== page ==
• You have other questions or concerns.


  • Do not push your child to ride a 2-wheeled bike until he or she is ready, at about age 5 or 6. Consider the child’s coordination and desire to learn to ride. Stick with coaster (foot) brakes until your child is older and more experienced for hand brakes.
  • Take your child with you when you shop for the bike, so that he or she can try it out. The value of a properly fitting bike far outweighs the value of surprising your child with a new one. For more information on finding the proper fit, go to
  • Buy a bike that is the right size, not one your child has to “grow into.” Oversized bikes are especially dangerous.
  • Your child needs to wear a helmet on every bike ride, no matter how short or how close to home. Many accidents happen in driveways, on sidewalks, and on bike paths, not just on streets. Children learn best by observing you. Whenever you ride, put on your helmet.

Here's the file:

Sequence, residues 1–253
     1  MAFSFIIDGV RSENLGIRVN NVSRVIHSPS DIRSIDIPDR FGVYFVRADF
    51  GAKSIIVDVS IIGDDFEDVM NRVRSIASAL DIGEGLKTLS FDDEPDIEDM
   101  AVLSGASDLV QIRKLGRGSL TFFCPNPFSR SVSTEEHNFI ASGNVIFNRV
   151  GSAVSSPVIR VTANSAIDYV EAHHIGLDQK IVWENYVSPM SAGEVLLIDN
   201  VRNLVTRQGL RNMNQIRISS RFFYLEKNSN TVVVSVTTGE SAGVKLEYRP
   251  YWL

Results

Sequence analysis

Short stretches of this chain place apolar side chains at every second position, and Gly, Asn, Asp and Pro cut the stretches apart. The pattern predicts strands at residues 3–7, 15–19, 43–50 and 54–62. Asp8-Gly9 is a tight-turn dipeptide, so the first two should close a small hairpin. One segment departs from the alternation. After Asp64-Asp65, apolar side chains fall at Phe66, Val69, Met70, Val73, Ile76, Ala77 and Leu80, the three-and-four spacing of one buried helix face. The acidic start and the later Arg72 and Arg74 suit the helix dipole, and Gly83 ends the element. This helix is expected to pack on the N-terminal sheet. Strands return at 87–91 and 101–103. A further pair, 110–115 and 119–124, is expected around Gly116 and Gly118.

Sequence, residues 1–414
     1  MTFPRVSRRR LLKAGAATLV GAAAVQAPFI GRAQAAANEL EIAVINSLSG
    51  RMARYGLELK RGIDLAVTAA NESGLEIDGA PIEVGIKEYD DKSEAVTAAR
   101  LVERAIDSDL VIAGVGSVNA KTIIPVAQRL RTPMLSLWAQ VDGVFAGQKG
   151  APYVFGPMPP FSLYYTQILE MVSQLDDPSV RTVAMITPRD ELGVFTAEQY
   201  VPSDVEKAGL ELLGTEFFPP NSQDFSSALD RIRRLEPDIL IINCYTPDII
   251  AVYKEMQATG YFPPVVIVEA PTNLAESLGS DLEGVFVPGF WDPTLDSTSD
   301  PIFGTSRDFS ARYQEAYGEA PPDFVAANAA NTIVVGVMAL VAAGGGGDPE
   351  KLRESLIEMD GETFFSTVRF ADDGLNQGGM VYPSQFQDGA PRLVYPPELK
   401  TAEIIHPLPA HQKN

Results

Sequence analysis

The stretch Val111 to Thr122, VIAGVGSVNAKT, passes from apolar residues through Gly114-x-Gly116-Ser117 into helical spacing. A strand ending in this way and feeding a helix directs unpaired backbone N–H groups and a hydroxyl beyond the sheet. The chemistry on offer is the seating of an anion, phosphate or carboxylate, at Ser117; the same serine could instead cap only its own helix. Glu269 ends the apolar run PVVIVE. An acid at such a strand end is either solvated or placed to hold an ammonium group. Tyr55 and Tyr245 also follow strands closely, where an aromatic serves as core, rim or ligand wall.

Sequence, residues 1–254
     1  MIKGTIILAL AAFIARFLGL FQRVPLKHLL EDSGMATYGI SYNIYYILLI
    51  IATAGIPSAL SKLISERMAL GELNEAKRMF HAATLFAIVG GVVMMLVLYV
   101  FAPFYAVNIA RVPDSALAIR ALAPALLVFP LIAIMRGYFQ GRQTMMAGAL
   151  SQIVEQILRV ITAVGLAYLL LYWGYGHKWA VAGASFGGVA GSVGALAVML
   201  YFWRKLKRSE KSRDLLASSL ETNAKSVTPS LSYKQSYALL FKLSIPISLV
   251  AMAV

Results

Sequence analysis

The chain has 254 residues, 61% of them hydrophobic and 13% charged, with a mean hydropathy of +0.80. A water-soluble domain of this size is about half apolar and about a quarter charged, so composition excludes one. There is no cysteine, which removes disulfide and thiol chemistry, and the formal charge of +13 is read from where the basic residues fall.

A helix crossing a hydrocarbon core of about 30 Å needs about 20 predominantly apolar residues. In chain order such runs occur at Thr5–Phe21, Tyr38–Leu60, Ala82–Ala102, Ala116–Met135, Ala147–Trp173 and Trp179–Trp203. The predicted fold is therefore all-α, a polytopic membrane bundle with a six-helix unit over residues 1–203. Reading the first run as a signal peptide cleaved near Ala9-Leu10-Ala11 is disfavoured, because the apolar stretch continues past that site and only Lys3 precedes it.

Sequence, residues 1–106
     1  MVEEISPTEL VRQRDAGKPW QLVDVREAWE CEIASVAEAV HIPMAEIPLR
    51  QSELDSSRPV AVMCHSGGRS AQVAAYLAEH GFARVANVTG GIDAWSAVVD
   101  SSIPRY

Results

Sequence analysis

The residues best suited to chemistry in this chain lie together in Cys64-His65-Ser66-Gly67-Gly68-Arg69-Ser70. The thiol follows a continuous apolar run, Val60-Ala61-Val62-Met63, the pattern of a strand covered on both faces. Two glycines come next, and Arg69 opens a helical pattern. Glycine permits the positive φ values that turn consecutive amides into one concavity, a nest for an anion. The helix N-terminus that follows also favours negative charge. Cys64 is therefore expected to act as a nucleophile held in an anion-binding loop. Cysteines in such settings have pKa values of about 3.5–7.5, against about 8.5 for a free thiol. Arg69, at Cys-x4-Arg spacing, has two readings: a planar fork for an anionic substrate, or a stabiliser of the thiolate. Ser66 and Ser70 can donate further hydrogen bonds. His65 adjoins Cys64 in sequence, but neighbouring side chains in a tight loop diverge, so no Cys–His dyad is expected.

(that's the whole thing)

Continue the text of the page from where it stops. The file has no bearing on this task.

• When purchasing a helmet, look for a label or sticker that says the helmet meets the CPSC safety standard.
  • A helmet protects your child from serious injury, and should always be worn. And remember, wearing a helmet at all times helps children develop the helmet habit.
  • A helmet should be worn so that it is level on the head, not tipped forwards or backwards. The strap should be securely fastened, and you should not be able to move the helmet in any direction. If needed, the helmet’s sizing pads can help improve the fit.
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  • Children should wear life jackets at all times when on boats or near bodies of water.
  • Make sure the life jacket is the right size for your child. The jacket should not be loose. It should always be worn as instructed with all straps belted.